Canyons to Plateau and back – Dominguez Canyon

On and off for the past year, Joan has wanted to hike the well-known Dominguez Canyons loop.

The loop takes in Big Dominguez Canyon, a walk over the Uncompahgre Plateau through Wagon Park, down the Upper Bar X Trail, and into Little Dominguez Canyon to complete the loop that’s not quite 40 miles.

I did a variation of the more well-known loop back in 2013 and did a shortened version with an off-trail trek via Star Mesa in 2017.

Joan’s wanted to do this loop for a while. With an even more flexible schedule that gives me three-day weekends every week, I did not have to use time bank funds to make a challenging two-day trip into a mellower 2.5-day trip.

Since I’ve done the larger loop and even the smaller version, more signed roads have been on the plateau, marked trailheads, and informational kiosks. All in all, more straightforward navigation than nearly a decade ago, even discounting GPS-enabled devices.   In addition to the more well-marked areas, there are more regulations version 2013 as well.   More information on those changes is below. –

Having the gift of time means I became more amenable to doing this route more casually. And having it relatively close by to our home also gives us more time for hiking and fewer hours driving. A win all around.

And what do I find?

That fall makes perhaps the perfect time to backpack this loop with cool and crisp weather, blue skies with ideal lighting, and the cottonwoods blazing yellow along the creeks. And the red rock delights never get old. What’s not to like?

We started at the usual place and immediately started discussing potential packrafting trips for the spring.  One trip at a time, though!

Joan, in particular, enjoyed the pleasant walking of Big Dominguez Canyon and the fall scenery.

We soon reached a well-known and BLM signed boulder formation with rock images from various eras.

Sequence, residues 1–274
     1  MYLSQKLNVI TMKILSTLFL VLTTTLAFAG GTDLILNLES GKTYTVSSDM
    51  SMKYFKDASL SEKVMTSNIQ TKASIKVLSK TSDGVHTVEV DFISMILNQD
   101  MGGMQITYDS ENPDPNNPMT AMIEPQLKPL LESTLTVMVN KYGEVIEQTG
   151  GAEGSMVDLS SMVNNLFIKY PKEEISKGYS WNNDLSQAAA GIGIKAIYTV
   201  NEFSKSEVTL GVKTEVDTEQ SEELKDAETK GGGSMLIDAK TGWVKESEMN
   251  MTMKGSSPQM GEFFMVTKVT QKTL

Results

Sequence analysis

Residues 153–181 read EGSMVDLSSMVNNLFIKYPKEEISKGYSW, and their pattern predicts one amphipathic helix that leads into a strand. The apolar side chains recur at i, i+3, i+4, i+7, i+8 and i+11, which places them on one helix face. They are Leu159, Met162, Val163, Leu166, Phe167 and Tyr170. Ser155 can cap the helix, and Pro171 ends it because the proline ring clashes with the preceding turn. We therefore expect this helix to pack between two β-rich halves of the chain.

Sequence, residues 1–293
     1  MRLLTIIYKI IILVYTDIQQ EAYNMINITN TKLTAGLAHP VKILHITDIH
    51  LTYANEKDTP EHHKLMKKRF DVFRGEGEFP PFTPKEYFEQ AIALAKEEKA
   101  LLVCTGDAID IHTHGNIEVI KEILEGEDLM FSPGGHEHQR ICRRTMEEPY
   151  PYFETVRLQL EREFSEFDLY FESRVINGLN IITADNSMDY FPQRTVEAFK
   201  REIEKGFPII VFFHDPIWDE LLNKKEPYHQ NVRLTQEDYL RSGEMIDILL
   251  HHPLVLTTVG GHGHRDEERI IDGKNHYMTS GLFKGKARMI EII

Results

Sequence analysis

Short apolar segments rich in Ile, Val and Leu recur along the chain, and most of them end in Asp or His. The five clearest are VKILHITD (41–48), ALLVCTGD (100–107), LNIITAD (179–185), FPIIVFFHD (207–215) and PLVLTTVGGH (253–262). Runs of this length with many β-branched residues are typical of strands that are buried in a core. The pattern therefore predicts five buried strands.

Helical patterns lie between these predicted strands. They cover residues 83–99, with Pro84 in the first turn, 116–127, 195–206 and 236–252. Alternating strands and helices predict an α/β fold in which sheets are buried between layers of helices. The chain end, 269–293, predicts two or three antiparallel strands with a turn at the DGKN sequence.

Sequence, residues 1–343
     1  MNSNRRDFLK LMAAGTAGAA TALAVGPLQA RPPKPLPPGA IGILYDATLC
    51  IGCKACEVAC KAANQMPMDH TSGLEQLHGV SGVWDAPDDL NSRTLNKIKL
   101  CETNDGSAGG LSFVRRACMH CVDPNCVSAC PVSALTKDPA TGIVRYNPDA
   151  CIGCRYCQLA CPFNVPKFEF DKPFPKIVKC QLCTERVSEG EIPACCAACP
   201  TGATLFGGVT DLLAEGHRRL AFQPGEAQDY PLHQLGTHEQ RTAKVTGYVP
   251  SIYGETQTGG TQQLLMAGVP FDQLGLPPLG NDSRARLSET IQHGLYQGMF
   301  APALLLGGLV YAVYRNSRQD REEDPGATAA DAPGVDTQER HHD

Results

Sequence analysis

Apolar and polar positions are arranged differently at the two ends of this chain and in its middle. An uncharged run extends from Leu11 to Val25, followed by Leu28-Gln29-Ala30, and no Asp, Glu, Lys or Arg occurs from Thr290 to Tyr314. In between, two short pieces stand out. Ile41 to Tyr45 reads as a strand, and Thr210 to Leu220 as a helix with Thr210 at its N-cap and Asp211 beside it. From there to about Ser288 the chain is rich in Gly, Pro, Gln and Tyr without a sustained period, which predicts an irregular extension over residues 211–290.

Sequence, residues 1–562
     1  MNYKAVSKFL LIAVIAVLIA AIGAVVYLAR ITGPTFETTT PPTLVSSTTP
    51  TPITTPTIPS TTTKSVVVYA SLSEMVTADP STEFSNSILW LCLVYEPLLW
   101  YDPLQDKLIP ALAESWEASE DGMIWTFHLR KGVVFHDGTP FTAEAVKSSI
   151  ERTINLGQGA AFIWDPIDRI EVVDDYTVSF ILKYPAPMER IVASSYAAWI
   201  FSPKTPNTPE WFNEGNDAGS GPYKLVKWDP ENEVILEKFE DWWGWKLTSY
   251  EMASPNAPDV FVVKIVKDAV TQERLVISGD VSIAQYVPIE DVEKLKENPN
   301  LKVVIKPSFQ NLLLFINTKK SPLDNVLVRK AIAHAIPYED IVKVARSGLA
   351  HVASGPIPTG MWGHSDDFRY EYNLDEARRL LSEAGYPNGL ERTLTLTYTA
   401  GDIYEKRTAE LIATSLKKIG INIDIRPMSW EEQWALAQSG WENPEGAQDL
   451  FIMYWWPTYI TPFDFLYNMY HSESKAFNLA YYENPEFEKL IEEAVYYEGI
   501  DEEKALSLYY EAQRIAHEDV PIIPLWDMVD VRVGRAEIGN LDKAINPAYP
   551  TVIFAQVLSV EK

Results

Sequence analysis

On a Friday afternoon, we had the canyon almost entirely to ourselves. We could take our time and take in the images at a leisurely pace.

And see a panel I have not seen on previous visits.

We made our way down the canyon and steadily climbed up the plateau along an obvious path.

Above the canyon by a panel. The path’s below.

As always, the images along the way told us people had used this path for generations.

We continued up to the plateau, and the trail became steeper. We even spotted some bighorns on the canyon wall.

At extreme end of the zoom lens and cropped.

Not long before we reached the plateau proper Joan and I found a wash that quickly led perhaps .25 miles to Dominguez Creek below. Not only did we camp within easy reach of flowing water, but we also found ourselves nestled in the pines trees, so different from the desert floor below.

Why, yes. A free-standing tent. 2 lbs for me, 1 lb for Joan. A tent of wonder! PCO Joan

The following morning we woke up to a colder day with an overcast sky.

We are following the break to our campsite, back to the trail. PCO Joan.

Shortly after, we reached a beaver pond just before the Dominguez Campground, the top of the canyon rim, some water, and the only people we’d see until later the following day.

PCO Joan West.

We soon reached the jeep road and followed the rutted path towards our high point of the trip at just over 8000′.  We enjoyed the views from the plateau over to Grand Mesa, the Elks, and other places in the area.

I found myself astounded at how much better the signage ended up being here versus nearly a decade ago, too.

PCO Joan.

The following day we started a gradual descent to the canyon via an old pack trail that soon turned into single track.  Since Joan and I can both read maps, a spring we saw fewer than .5 miles r/t off the main route made much easier water carry. With plenty of water for the last stretch, we know the descent into the canyon would not become an issue.

We made camp for the evening and found ourselves lulled to sleep by the rain.

With the brief storm blown through, we could marvel at the canyon country not too different from our home in Moab.

Though the track long since vanished, some quick map reading and GPS assurances brought us to the final descent to Little Dominguez proper.

Many people take a southeast course, as discussed on the FKT site and on AllTrails by an ultrarunner named Greg. Many people using this route describe it as “spicy”  or “very technical.”

Joan and I looked over this route, started having some spirited discussions, and decided to scope out more where the map had the old pack trail instead.

Finding this bighorn skull did not help abate any “spirited discussions.”

Joan and I took a northwest line down a gully then onto a dirt ramp that led to the canyon with scrambling. And the route ends up as Joan approved! (More info below)

Joan pointed out the dirt ramp we came down.

Safely on the canyon floor and near water, the tempo changed back to a delightful canyon stroll from a half hour or so of those not-so-delightful spirited discussions that sometimes occur among couples in, ah, interesting situations!